There are few characters as ubiquitous across all media as Batman. He’s appeared in almost a dozen movies at this point, not counting the direct-to-video animated movies. He has had several television shows, both live action and animated; in fact, he currently has both a live action and an animated show. He has appeared in a number of video games as a point-and-click detective, as a beat-em-up brawler, and as a conflicted billionaire with trust issues. As successful as various artists have been in translating Batman across mediums, they have been decidedly less so with the Joker. In fact, more and more I find myself asking the question: why can’t anyone get the Joker right anymore?
Let’s just look at this year. The year started with the highly anticipated Lego Batman movie, which was a fun romp as Batman learned an important lesson about family and friends. The Joker, portrayed by the always awesome Zach Galifianakis, is the villain of the movie and plots to free villains from various Lego worlds to help him take over Gotham. That’s all good, but his motivation is that he wants Batman to admit they have a connection. Early on, Batman laughs off the Joker’s suggestion that they are arch-enemies in a funny sequence, but the movie decides to make that the center of the Joker’s motivation. Worse, the Joker otherwise doesn’t act like the Joker. He doesn’t have a maniacal laugh, he doesn’t have any moments that make him feel dangerous. He just feels very needy. This is Sad Sack Joker. It literally feels like this is the Joker as played by Baskets, and it’s easily the least fun incarnation in any movie.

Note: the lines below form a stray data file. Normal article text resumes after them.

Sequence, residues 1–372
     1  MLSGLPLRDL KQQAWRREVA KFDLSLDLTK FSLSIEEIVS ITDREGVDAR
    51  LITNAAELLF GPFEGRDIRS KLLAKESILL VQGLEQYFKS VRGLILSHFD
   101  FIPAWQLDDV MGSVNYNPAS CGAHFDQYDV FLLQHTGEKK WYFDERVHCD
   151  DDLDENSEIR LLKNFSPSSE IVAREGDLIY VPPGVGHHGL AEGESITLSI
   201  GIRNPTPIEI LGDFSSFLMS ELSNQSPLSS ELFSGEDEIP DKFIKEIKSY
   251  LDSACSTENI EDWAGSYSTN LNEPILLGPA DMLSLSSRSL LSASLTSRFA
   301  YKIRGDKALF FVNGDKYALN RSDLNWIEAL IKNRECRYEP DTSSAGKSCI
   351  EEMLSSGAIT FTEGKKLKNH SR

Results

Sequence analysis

Of course, the most recent live-action movie depiction was Jared Leto’s romantic emo Joker, which was unique but hard to embrace. He wasn’t in much of the movie so it was difficult to gauge whether this Joker was violent and dangerous or just love-struck and misunderstood (please no!). Unfortunately, that Joker seems to have imprinted on the designers for Injustice 2, who bring the Joker back to life as a knife wielding rock musician with a weird gutteral laugh. He doesn’t look dangerous as much as misunderstood, and none of his intelligence or wit is anywhere to be seen. He’s just a giggling thug with a knife here, and he’s considerably less scary and interesting than almost any of the other characters in the game.
My least favorite Joker right now, though, has to be Telltale’s whiny, cloying Joker. This guy gets on my nerves. He has a great introduction in the series; he just shows up unexpectedly when your Bruce Wayne gets locked up in Arkham Asylum. He’s mysterious and without a backstory. He soon starts trying to buddy up to you and responds to your friendship with real need or your cold shoulder with hurt feelings. I couldn’t wait to get the hell away from him when I finally escaped from there. Needless to say, I was not happy to see him materialize in the sequel, still just as obsequious as he was before. Here he’s trying to earn your favor with some information and he’s still just annoying generally. Telltale tells a great story, but their Joker is the most irritating by far (so far, anyway).
I don’t know why it’s so hard to depict the Joker in an interesting way, but it seems to completely escape current game designers. Maybe Heath Ledger really did change everything and every depiction after him seems less worthy. More likely, Mark Hamill captured the character too memorably and no other depiction will top his for quite some time. I’m glad to see he’s still voicing the Joker on the current Justice League Action. He’s still got it. Now, if they could just do something about James Woods as Lex Luthor.